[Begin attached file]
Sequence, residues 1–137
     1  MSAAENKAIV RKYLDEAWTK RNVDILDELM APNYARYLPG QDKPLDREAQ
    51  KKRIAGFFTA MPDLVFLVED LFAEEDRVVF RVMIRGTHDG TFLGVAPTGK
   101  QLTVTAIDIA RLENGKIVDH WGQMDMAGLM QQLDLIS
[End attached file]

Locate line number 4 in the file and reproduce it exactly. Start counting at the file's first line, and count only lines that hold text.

   101  QLTVTAIDIA RLENGKIVDH WGQMDMAGLM QQLDLIS